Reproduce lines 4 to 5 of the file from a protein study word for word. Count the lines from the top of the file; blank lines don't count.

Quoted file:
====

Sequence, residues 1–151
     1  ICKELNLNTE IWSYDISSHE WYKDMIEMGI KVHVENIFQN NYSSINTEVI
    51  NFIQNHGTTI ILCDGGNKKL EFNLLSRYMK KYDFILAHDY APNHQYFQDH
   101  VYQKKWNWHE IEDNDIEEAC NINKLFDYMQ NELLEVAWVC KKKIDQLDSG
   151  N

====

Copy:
   101  VYQKKWNWHE IEDNDIEEAC NINKLFDYMQ NELLEVAWVC KKKIDQLDSG
   151  N